So what happens if one of the players is gay? There has only ever been one openly gay professional footballer in England (Justin Fashanu) and he ended up taking his own life. Homophobia is rife in football and is tolerated when turned on both one's opponents and one's own team. Managers have gone on record to say that it could never be acceptable to have a gay player in the team; players have taunted one another when they don't fit the laddish stereotype. Everywhere in British society, we have had gay people breaking down the barriers and claiming their part in the world: ay rock stars; gay TV presenters; gay MPs, gay clergy; gay CEOs; gay police. But no gay footballers. And as A Natural demonstrates, football is a hermetically sealed world in which participants have been immersed since early teens. The managers and coaches have never been in the real world; the journalists have either come from the same world or are in awe of it. There is no place to challenge these preconceptions. Indeed, there were even still hints of racial prejudice on display in A Natural to an extend that would see such people drummed out of any other corporation in disgrace. A Natural was a sad indictment of the forced social compliance of the football world.
But sadly, the novel did not feel quite equal to the ideas. The split focus between the four main characters felt a bit choppy and uneven. Whilst Tom seemed well-drawn and fully realised, I never quite believed in Chris and Leah Easter, and especially not in Liam Davey. They did not seem to have sufficient depth or history; their actions sometimes seemed unpredictable and driven by unclear motive. They did not seem to be consistent in how they related to one another. And in Leah's case, she brought a confusing array of friends and acquaintances who were hard to tell apart and even harder to understand.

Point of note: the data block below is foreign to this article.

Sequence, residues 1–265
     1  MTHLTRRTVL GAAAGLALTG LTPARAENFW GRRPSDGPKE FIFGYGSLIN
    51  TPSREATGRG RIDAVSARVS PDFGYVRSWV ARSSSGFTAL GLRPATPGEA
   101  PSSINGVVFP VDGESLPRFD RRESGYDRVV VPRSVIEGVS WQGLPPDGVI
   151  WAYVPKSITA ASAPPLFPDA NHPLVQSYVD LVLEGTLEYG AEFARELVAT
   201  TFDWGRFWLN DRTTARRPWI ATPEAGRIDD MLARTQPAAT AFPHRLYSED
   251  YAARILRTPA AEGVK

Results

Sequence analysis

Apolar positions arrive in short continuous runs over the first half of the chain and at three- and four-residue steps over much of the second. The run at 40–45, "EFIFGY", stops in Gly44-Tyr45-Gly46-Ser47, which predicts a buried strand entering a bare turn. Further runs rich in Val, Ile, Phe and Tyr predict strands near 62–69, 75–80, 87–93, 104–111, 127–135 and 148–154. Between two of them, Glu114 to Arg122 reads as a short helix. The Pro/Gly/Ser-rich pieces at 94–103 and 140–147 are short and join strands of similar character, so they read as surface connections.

The pacing was slow. Especially towards Christmas in the first season, events seemed to drag out interminably. And then, having set the scene, things didn't really start to go anywhere until well into the second season. The ending came suddenly and didn't quite feel like an ending - if the reader could even fathom what was happening (and I'm not sure this reader quite managed it). The writing was quite downbeat which fitted well with the dreariness of the footballers' lives, but tended to add to the feeling that this was going on for a bit too long.